Monday, November 23, 2015

What is Threat Intelligence?

It's been a while since I blogged... so, be warned I've just gotten more opinionated.

Threat Intelligence - one of the more recent buzz words in InfoSec (Cyber Security (yes, I know what word I used)).

What is TI? Who does it? How does one do it properly? What are the inputs? What are the outputs (products)? Can non-IC people learn the tradecraft and do it even remotely properly? -- Lots of questions regarding TI, and it seems that I am not alone in trying to figure it out.

What I know it's not: indicator feeds! We need to get out of the mindset that TI is just streams of indicators with no context! If you're given an IP address, alone with no context, how much can you figure out from just an IP address? Yes, with tools you can find out different things like Registrar, ASN, pDNS, etc. But do you know if you should be looking for traffic inbound to it or outbound? Do you know if one behavior is normal and the other is abnormal? Answer = most likely not.

How do we move the perception of TI to it not being just sharing contextual-less indicator wrangling?

I've seen a few different points of security talked about in a few different forms, from Defense in Depth, NSM, the Pyramid of Pain, and so on. One of the keys to executing on these models of security is knowing your environment. When I saying knowing it, I mean understanding both business functions, critical functions (business and IT), applications(systems/platforms/etc. (the glue that makes the business work), and mitigating controls intimately. Or at least with enough assurance that you can understand what is going on, and where you need to get better visibility/instrumentation.

When working on Security and Threat Intelligence I realized that a fair amount of orgs/Cos need to work on basic Data Intelligence before they start working up to Threat Intelligence. I went to a pyramid, which I'll need to draw up.

Steps (reverse for pyramid foundation to top):
1. Data Intelligence - log/app/event collection, configure to catch what you need
2. Operational/Business Intelligence - using log/app/event to improve Ops/Biz functions (keep the lights on)
3. Security Intelligence - Feed the SIEM for SOC/CIRT, build baselines, understand environment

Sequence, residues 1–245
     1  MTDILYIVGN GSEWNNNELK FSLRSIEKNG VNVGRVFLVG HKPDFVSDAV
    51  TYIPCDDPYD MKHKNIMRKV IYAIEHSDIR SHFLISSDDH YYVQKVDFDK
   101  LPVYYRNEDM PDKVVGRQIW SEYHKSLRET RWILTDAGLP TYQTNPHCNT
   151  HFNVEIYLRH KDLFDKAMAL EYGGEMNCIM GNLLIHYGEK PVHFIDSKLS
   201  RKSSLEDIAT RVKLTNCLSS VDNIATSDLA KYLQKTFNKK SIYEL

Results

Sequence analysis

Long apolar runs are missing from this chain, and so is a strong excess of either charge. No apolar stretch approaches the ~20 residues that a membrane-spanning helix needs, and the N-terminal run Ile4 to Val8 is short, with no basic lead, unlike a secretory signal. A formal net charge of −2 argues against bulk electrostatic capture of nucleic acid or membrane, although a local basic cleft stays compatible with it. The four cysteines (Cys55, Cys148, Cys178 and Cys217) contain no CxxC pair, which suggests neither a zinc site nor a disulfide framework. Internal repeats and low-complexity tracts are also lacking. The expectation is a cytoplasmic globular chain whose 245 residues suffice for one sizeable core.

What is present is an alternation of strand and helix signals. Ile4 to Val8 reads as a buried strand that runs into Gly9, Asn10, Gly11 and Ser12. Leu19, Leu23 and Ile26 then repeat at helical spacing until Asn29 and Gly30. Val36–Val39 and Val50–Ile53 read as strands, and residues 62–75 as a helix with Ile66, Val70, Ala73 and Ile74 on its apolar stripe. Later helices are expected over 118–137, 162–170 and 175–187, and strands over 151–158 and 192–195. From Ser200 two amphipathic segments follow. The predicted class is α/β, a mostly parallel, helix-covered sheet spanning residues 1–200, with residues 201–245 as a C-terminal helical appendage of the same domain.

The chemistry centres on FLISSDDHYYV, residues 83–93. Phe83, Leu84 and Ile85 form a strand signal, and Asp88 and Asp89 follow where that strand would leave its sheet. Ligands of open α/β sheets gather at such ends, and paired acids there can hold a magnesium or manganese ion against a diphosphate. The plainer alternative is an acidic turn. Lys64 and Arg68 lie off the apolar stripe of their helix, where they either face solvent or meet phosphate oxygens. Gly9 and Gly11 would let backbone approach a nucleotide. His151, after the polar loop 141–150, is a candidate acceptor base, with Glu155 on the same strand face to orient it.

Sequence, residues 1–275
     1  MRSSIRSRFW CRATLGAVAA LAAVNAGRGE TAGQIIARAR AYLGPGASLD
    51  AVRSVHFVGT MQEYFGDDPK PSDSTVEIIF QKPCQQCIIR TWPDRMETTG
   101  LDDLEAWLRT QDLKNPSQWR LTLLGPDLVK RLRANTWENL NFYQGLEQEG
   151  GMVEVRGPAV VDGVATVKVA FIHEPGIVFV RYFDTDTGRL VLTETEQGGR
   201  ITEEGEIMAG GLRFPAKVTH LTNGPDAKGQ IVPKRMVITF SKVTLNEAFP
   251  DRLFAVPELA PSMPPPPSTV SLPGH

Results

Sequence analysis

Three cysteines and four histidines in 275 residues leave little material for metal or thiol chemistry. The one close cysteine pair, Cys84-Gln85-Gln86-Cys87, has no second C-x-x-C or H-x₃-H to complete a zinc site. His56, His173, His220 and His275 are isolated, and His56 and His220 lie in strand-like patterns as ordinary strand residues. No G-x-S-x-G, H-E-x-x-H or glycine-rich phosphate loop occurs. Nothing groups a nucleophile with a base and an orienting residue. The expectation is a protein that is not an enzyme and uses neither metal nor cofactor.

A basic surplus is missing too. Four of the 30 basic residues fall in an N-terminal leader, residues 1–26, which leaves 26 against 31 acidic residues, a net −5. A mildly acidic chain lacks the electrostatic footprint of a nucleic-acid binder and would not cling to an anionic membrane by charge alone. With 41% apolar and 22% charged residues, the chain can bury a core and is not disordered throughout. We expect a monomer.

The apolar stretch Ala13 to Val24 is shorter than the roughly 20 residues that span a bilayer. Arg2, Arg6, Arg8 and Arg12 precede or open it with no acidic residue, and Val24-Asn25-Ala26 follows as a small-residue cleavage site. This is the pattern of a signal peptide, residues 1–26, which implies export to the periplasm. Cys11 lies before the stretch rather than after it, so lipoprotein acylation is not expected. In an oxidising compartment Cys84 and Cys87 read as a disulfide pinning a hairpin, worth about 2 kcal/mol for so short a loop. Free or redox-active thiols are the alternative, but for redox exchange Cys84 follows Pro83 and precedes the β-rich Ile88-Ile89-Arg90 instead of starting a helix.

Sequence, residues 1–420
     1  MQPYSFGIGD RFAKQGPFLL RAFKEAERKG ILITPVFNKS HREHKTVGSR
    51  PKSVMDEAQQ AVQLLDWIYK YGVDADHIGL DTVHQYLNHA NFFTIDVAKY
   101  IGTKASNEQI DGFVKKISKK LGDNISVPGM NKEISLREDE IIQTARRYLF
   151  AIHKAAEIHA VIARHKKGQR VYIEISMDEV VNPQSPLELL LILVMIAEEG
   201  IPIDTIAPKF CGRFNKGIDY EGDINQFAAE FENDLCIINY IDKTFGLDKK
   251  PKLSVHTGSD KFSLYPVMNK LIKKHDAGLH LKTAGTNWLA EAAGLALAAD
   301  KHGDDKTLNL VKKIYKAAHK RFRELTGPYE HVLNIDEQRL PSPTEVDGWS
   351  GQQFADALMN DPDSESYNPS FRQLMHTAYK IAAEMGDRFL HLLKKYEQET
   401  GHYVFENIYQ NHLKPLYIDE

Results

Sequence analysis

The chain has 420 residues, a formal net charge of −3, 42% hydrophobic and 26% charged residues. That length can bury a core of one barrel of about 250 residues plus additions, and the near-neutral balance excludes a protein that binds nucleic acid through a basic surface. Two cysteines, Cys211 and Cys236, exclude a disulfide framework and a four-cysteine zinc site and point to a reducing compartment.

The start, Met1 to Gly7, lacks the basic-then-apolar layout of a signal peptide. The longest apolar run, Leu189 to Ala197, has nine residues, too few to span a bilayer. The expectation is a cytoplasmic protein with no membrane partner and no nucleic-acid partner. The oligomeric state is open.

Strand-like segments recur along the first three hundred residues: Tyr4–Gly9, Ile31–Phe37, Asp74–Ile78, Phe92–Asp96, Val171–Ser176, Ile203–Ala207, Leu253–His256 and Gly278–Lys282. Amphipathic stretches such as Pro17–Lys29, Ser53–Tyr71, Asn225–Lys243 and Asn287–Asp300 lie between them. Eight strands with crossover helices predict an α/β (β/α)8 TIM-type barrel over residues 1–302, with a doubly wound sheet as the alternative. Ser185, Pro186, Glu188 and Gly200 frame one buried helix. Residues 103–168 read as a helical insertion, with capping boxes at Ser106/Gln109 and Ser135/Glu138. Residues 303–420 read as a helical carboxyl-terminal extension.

4. Threat Intelligence - Advance SI to link internal/external threats to the intelligence stack

Is this possible? Yes. Will it be in constant flux? Of course; we have humans running the damn thing, making decisions, and changes.

Is this Threat Intelligence? Nope, but it is what I have in mind on building up to it.


Thursday, July 24, 2014

URL Analysis - a [semi] data driven approach

Been a while since I sat down and posted something here... Still slaving away at the grindstone, but having fun and doing something I enjoy (shhh... don't let my bosses know though).

I don't think I've finished any of the projects I've been working on either, basically have the same list with more added... though the rate they've been adding has slowed down a little, or increased. Who knows.


URL analysis, something I've been working on since I first started trying to build pattern matches for malicious websites back in 2010-2011, and ever since then. This can be both easy and tricky.

Easy: Well, easier if you know Regular Expressions (RegEx/RE/PCRE) and know how to finesse the pattern for the tool you are using. There can be a bit of variance between products, Splunk understands RegEx a little differently than Suricata or Snort, and so on. So, figure out what you have to write to. Additionally, take advantage of other people's RegEx, what they are writing for and to. I highly recommend looking at the rules the awesome people of the Emerging Threats community have put out, that's where I've learned more about pattern matching and refinement.

I recommend pulling down their latest rule set here: I like pulling down the allrules file and then using grep to find the rules I am looking for.